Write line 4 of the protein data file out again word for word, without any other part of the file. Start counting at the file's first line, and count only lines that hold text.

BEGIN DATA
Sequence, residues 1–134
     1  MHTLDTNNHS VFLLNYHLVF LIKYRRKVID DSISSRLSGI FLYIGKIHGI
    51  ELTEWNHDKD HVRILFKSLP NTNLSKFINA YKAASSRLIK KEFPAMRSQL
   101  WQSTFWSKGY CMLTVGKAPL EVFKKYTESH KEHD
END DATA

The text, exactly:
   101  WQSTFWSKGY CMLTVGKAPL EVFKKYTESH KEHD